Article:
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Re: N3 and N-Triples (was: RDF in HTML: Approaches)

From: Dan Brickley <danbri@w3.org>
Date: Mon, 3 Jun 2002 14:17:08 -0400 (EDT)
To: "Peter F. Patel-Schneider" <pfps@research.bell-labs.com>
cc: <me@aaronsw.com>, <www-rdf-interest@w3.org>
Message-ID: <Pine.LNX.4.30.0206031350460.545-100000@tux.w3.org>

On Mon, 3 Jun 2002, Peter F. Patel-Schneider wrote:

> From: Aaron Swartz <me@aaronsw.com>
> Subject: N3 and N-Triples (was: RDF in HTML: Approaches)
> Date: Mon, 3 Jun 2002 11:42:58 -0500
> >
> > On Monday, June 3, 2002, at 01:41  AM, Patrick Stickler wrote:
> > > I would, thus, not like to see any N3 or NTriples used as primary
> > > representations for RDF that are interchanged by real systems.
> > > N3 and NTriples are not standard encodings for interchange. RDF/XML
> > > is. And that's what folks should be using in a global context.
> >
> > Ugh, what FUD. N-Triples is the only decent standardized interchange
> > format for RDF. RDF/XML is both difficult for machines to parse and for
> > humans to write. N-Triples at least gets one side of the equation right
> > (N3 gets the other).
> >
> > Perhaps we will be more "interoperable" if we stick with RDF/XML, but I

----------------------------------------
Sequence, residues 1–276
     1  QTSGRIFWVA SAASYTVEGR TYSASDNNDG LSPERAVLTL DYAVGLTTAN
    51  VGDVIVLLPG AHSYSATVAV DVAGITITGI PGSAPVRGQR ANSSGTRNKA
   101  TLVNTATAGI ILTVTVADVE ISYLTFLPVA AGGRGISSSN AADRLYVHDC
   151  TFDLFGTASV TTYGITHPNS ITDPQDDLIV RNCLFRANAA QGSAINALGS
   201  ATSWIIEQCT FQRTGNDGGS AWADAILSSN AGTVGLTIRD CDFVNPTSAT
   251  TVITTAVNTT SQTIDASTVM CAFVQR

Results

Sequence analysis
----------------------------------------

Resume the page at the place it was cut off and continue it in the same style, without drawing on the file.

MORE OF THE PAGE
> > think that's rather meaningless since it will only be adopted by the
> > tiny community we already have. If we want more people to adopt RDF
> > we're going to have accept that the old syntax is flawed and move on.
> >
> > --
> > Aaron Swartz [http://www.aaronsw.com]
> In other words,
> ``Let's move even further from the other W3C standards.''


N-Triples is very handy for testing parsers, and quick-hack pipes
into Perl scripts. But it is unreadably verbose, impossible to skim
accurately, and not integrated into the rest of the XML-oriented modern
world. Promoting N-Triples as the best way of exchanging RDF in the wild
is bad for RDF, bad for XML, and bad for Web interop.

Aaron, I understand that you don't like the RDF/XML syntax, but please
keep some perspective in your critiques. It is nowhere near as bad as you
make out. There are parsers available in most every language, and a
cleaned up syntax and test cases that make these more reliable.

The Web community, and the entire computing industry, have settled on XML
as a basis for data interchange. Maybe they're wrong, but that's a battle
no longer worth fighting. Dragging RDF further still from the XML
mainstream would be extremely ill-advised.


Received on Monday, 3 June 2002 14:18:09 UTC

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